Crisis Plan’s Leak Smudges Clorox : Publicity: The bleach firm distances itself from a hardball anti-Greenpeace strategy that fell into the environmental group’s hands.


Spin control specialists at Ketchum Public Relations were drawing up plans for a hypothetical public relations disaster involving one of its clients, Clorox Co., but they weren’t ready when their plans were leaked.

The Ketchum “Crisis Management Plan” laid out suggestions for Clorox just in case Greenpeace, the environmental action group, should launch a major campaign against the company’s household bleach.

Several imaginary developments were chewed over in elaborate detail: If a newspaper columnist calls for a Clorox boycott, think about suing him for slander. If a scientific report links chlorine to cancer in humans--which hasn’t happened--try to “cast doubts on the methodology and findings.”


Deal with the environmentalists and any “unalterably green” journalists by accusing them of “environmental terrorism.”

The Ketchum planners went over various “worst-case” events, but they apparently didn’t give any thought to what actually happened: The plan was leaked to Greenpeace, which gave it to the media.

Spokesman Peter Dykstra said the group has never had any plans to target Clorox bleach, but is sticking to its campaign against the pulp and paper industry’s use of chlorine, which Greenpeace says is dangerous to people and the environment.

In Oakland, Calif., Clorox issued a statement distancing itself from the Ketchum crisis plan.

“Clorox management was not involved in its preparation, and is not acting on its recommendations,” said Sandy Sullivan, manager of consumer information and education. “The consulting firm’s language and overly descriptive analysis detracts from its central theme.”

The statement says Clorox’s active ingredient, sodium hypochlorite, is safe and effective and is no more closely related to chlorine than is ordinary table salt, sodium chloride.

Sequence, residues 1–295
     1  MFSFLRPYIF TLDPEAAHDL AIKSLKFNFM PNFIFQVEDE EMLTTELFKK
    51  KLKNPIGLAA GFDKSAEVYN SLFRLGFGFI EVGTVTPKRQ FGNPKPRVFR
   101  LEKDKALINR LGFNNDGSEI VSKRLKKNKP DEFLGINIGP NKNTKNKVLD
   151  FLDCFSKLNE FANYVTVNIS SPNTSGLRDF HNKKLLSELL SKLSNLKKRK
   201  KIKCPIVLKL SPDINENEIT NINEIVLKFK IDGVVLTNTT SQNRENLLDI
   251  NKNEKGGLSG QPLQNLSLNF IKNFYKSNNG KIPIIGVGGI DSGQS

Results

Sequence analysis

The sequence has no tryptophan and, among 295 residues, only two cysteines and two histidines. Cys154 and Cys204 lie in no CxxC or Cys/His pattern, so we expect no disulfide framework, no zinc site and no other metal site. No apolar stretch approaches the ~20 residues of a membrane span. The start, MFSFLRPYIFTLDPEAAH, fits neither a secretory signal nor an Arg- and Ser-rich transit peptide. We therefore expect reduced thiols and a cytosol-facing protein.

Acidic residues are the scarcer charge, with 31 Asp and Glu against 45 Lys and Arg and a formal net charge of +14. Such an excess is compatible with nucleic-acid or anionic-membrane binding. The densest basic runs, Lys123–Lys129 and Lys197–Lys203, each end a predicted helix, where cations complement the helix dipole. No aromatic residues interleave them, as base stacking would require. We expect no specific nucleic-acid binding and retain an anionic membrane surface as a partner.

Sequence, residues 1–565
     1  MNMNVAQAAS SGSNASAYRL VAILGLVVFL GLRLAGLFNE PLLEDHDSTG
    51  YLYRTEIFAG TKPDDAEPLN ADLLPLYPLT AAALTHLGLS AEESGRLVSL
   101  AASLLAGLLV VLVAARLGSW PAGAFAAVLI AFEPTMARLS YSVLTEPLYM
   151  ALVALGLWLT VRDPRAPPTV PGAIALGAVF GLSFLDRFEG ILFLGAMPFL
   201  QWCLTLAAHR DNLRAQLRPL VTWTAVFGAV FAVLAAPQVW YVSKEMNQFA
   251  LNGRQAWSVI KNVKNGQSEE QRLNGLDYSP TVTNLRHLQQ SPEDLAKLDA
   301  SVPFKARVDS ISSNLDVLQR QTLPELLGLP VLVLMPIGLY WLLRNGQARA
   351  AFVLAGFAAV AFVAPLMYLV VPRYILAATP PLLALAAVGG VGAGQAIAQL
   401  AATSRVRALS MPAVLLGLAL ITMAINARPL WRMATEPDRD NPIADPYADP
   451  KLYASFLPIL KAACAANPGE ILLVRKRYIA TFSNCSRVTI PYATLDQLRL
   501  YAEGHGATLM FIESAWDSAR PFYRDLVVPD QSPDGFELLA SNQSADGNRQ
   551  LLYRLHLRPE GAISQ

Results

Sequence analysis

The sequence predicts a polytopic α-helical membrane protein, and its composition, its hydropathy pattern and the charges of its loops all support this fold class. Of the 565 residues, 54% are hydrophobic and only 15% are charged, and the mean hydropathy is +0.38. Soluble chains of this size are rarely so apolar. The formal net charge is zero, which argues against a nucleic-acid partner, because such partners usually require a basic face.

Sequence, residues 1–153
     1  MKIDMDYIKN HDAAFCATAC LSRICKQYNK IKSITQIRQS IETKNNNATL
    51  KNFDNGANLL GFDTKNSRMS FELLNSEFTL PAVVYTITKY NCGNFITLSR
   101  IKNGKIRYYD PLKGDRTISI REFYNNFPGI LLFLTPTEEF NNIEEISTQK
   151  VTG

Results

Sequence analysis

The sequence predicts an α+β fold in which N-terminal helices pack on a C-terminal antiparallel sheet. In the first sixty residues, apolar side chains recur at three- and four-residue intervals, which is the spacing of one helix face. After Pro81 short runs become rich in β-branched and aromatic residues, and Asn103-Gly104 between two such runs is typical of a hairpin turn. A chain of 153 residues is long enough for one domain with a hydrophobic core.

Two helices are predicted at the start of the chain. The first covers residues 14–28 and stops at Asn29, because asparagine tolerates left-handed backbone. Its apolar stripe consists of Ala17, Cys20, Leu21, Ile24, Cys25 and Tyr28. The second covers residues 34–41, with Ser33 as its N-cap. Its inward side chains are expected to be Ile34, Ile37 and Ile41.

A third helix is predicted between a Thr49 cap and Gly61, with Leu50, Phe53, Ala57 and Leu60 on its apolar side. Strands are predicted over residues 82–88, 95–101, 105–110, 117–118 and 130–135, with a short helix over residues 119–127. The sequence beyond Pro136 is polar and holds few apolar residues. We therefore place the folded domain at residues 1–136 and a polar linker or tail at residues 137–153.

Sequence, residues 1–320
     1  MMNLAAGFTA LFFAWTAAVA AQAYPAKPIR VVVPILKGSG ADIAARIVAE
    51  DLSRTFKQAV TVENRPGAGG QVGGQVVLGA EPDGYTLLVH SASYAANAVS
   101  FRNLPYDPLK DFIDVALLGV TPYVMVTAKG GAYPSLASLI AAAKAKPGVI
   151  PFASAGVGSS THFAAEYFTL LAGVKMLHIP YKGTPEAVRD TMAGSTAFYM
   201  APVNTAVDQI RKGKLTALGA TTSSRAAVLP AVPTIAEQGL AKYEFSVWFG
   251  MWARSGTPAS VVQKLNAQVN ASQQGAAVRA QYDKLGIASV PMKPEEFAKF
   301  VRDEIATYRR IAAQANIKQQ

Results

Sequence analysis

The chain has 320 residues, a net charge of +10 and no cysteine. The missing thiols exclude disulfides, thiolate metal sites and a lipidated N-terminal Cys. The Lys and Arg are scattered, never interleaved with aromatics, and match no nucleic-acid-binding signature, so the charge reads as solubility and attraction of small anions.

“It is perhaps the most widely used, inexpensive and effective disinfectant in the world. For example, it is routinely used to safely disinfect drinking water after a disaster,” Clorox said.

Greenpeace had no quarrel with that description, although Dykstra asked: “If there is no such problem, then why this document?”

David Drobis, president of New York-based Ketchum Public Relations, said: “It shouldn’t be surprising that any company has such a plan. In fact, it would be more surprising to find out that a major company didn’t.”

In this case, he said, several drafts were prepared and discussed with Clorox public relations personnel, but the plan was never submitted to Clorox management for approval.

Asked about Greenpeace’s complaint that some elements of the plan went beyond normal bounds, Drobis said: “What a crisis plan is, is to anticipate every possible scenario.”

A Ketchum statement concluded by saying of the leak to Greenpeace:

“We don’t know how it happened, but we’re doing everything possible to find out and make sure it doesn’t happen again.”

Asked if the incident will make Clorox reconsider its relationship with Ketchum, Sullivan said she did not want to go beyond her prepared statement.

Dykstra said Greenpeace still has no plans to campaign against Clorox, despite its possession of a plan that practically sets out a protest strategy.

“It certainly has attracted our attention,” he said, “but it won’t have a strong role in changing our agenda.”